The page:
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Mol Pharmacol. 1989 Jan;35(1):105-15.

Structural features determining activity of phenothiazines and related drugs for inhibition of cell growth and reversal of multidrug resistance.

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Department of Internal Medicine, Yale University School of Medicine, New Haven, Connecticut 06510.


Phenothiazines and structurally related compounds inhibit cellular proliferation and sensitize multidrug-resistant (MDR) cells to chemotherapeutic agents. To identify more potent pharmaceuticals, we studied the structure-activity relationships of 30 phenothiazines and related compounds on cellular proliferation and MDR in sensitive MCF-7 and resistant MCF-7/DOX human breast cancer cells. Substitutions on the phenothiazine ring that increased hydrophobicity increased antiproliferative and anti-MDR activities. For example, -Cl and -CF3 groups increased whereas -OH groups decreased potency. Modifying the length of the alkyl bridge and the type of amino side chain also influenced potency. Compounds with increased activity against cellular proliferation and MDR possessed a four-carbon bridge rather than a three- or two-carbon bridge and a piperazinyl amine rather than a noncyclic amino group. Compounds with tertiary amines were better anti-MDR agents than those with secondary or primary amines but were equipotent antiproliferative agents. The effects of these substituents were unrelated to hydrophobicity. The structure-activity relationships suggest that an ideal phenothiazine structure for reversing MDR has a hydrophobic nucleus with a -CF3 ring substitution at position 2, connected by a four-carbon alkyl bridge to a para-methyl-substituted piperazinyl amine. We subsequently studied related compounds having certain of these properties. Substitution of a carbon for a nitrogen at position 10 of the tricyclic ring, with a double bond to the side chain (thioxanthene), further increased activity against MDR. For example, (trans)-flupenthixol, the most potent of these compounds, increased the potency of doxorubicin against MDR cells by 15-fold, as compared with its stereoisomer (cis)-flupenthixol (5-fold) or its phenothiazine homolog fluphenazine (3-fold). (cis)- and (trans)-flupenthixol were equipotent antiproliferative agents. (trans)-flupenthixol was not accumulated more than (cis)-flupenthixol in MDR cells, implying that their stereospecific anti-MDR effects were not the result of selective differences in the access of the drugs to intracellular targets. Both drugs increased the accumulation of doxorubicin in MDR cells, but not in sensitive cells, suggesting that they modulate MDR by interacting with a uniquely overexpressed cellular target in these resistant cells. The apparent lack of clinical toxicity of (trans)-flupenthixol makes it an attractive drug for further investigation.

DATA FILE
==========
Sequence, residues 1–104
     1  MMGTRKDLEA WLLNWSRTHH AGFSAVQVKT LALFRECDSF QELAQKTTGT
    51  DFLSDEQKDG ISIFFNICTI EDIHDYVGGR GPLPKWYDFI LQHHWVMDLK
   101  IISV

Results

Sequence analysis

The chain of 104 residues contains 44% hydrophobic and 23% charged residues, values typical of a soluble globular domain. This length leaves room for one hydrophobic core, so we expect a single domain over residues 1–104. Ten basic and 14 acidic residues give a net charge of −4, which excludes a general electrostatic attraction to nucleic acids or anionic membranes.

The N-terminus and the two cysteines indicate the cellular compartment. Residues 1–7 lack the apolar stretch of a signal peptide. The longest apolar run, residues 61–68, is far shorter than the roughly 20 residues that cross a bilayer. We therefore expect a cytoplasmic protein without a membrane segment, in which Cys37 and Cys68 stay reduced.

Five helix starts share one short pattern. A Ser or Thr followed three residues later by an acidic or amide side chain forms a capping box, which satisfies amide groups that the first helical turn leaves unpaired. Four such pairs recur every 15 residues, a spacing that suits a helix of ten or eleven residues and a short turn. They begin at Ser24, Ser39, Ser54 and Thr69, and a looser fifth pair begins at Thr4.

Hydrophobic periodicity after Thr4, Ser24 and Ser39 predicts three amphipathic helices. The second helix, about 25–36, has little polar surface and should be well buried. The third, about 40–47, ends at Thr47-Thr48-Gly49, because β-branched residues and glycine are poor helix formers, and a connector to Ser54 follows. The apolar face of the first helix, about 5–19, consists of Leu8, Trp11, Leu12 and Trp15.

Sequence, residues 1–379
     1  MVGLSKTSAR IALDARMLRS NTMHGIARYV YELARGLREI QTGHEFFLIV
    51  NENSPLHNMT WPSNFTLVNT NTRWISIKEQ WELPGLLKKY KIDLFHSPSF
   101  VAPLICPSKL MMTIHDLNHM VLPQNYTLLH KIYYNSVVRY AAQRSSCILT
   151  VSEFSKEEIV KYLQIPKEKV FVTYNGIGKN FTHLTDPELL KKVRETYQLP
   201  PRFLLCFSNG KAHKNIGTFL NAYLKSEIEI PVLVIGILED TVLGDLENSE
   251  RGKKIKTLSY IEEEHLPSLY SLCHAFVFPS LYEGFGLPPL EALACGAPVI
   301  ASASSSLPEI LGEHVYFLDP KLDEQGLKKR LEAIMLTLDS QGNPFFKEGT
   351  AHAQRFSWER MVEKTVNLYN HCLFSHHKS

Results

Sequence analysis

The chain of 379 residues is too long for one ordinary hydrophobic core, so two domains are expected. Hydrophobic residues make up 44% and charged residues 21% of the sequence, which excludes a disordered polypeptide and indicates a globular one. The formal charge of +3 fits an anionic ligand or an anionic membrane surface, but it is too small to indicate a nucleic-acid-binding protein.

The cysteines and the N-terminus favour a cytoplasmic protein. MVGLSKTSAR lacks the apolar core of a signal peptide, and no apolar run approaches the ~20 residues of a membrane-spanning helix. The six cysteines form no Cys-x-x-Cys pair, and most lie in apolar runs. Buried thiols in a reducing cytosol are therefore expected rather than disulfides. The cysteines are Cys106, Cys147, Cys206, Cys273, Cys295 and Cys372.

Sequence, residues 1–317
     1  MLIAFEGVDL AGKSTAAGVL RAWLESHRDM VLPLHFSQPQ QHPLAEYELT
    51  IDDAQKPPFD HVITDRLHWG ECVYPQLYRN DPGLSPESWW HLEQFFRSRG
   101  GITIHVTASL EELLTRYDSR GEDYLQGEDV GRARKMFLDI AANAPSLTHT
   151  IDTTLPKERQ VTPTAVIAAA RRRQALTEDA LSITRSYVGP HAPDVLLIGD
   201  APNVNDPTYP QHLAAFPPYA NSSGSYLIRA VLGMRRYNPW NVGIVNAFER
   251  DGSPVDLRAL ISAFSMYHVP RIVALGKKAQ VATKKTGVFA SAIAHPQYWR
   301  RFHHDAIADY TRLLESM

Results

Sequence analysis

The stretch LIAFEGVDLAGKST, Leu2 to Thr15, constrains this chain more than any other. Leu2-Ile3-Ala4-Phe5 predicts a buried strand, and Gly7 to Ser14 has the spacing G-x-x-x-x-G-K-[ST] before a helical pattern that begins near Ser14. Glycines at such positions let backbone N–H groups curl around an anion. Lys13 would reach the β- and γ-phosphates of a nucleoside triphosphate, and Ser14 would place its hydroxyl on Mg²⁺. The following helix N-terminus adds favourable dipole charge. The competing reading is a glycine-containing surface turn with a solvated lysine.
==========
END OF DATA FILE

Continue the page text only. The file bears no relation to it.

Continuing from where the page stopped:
[Indexed for MEDLINE]

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